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17

Romans 3:23 (NIV) for all have sinned and fall short of the glory of God No one is righteous. Better is not enough. God demands 100% holiness. No one can achieve that. Therefore, we need the Blood of Jesus Christ. Only in Jesus, can we have salvation. Romans 5:12 (NIV) Therefore, just as sin entered the world through one man, and death through sin, ...


13

A change in doctrine, if it is possible at all, can only be expressed with a definitive statement ex cathedra. The Pope wrote in his letter Le accolga come la risposta tentativa e provvisoria, Please accept this as a tentative and provisional response so no, it does not express any change in doctrine. In the English translation, the Holy Father writes ...


10

Do Christian concepts of fellowship allow for a congregation to welcome atheists to participate in their community? In the most general terms, yes - most congregations are open to non-member participation. Saying that, it is possible different congregations have a nuanced stance in this regard - some of their meetings may be closed and it is best to ask ...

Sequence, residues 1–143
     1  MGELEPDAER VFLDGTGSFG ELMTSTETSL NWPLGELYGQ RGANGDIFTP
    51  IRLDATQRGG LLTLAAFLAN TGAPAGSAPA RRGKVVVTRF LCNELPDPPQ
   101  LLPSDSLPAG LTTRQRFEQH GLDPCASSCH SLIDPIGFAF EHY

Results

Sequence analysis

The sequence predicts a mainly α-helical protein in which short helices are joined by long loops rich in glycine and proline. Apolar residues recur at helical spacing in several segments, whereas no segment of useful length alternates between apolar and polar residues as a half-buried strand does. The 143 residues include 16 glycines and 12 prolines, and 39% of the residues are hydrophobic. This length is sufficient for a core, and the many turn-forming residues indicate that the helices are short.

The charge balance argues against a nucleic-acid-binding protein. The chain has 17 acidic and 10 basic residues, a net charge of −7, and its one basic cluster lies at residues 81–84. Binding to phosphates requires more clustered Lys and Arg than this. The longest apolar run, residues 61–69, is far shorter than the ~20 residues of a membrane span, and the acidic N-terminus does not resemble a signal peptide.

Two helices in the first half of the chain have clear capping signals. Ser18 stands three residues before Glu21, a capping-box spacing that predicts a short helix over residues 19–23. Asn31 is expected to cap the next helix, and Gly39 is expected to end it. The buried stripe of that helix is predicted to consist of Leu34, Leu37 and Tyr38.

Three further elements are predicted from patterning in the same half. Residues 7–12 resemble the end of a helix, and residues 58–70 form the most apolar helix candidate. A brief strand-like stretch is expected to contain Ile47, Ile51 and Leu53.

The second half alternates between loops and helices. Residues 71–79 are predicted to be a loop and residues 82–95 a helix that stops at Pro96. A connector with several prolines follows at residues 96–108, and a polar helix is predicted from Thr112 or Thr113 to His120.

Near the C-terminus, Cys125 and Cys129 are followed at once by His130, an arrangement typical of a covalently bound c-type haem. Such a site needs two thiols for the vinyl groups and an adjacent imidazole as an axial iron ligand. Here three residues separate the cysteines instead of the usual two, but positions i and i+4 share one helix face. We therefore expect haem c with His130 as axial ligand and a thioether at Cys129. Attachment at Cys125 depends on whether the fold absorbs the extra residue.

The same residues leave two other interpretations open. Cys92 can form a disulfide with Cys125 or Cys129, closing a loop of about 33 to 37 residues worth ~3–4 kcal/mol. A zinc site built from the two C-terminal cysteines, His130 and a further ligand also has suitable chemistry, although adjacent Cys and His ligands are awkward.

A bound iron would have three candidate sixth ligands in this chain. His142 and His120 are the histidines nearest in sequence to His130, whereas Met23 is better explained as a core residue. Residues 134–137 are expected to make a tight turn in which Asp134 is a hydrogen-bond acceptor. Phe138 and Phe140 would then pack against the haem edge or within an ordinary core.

7

I'm going to give a slightly different understanding of this than you may have heard before, largely because I've faced up to the same thing and wondered the exact same thing. The question comes down to this: "Isn't believing in something simply the same as doing something? Isn't it a work in and of itself?" This question always bothered me. Here's the ...


5

You could give your coworker the following counterexample, which I sort-of got from listening to Tim Keller: Person who grows up bouncing from one foster home to another, ends up being abused and takes to drugs/alcoholism and crime, but finally asks for forgiveness and comes to faith. In any other worldview where your good deeds are weighed against ...